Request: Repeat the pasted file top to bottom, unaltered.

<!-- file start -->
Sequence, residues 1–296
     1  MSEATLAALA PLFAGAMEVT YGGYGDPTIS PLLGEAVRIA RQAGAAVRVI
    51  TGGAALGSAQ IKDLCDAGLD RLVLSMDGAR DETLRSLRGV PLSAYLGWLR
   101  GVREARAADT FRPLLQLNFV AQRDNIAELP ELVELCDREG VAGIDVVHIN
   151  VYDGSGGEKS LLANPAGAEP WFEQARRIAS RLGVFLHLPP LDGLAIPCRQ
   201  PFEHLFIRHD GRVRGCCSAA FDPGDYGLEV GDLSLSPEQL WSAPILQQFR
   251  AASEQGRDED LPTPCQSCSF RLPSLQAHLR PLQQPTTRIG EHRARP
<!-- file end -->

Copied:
Sequence, residues 1–296
     1  MSEATLAALA PLFAGAMEVT YGGYGDPTIS PLLGEAVRIA RQAGAAVRVI
    51  TGGAALGSAQ IKDLCDAGLD RLVLSMDGAR DETLRSLRGV PLSAYLGWLR
   101  GVREARAADT FRPLLQLNFV AQRDNIAELP ELVELCDREG VAGIDVVHIN
   151  VYDGSGGEKS LLANPAGAEP WFEQARRIAS RLGVFLHLPP LDGLAIPCRQ
   201  PFEHLFIRHD GRVRGCCSAA FDPGDYGLEV GDLSLSPEQL WSAPILQQFR
   251  AASEQGRDED LPTPCQSCSF RLPSLQAHLR PLQQPTTRIG EHRARP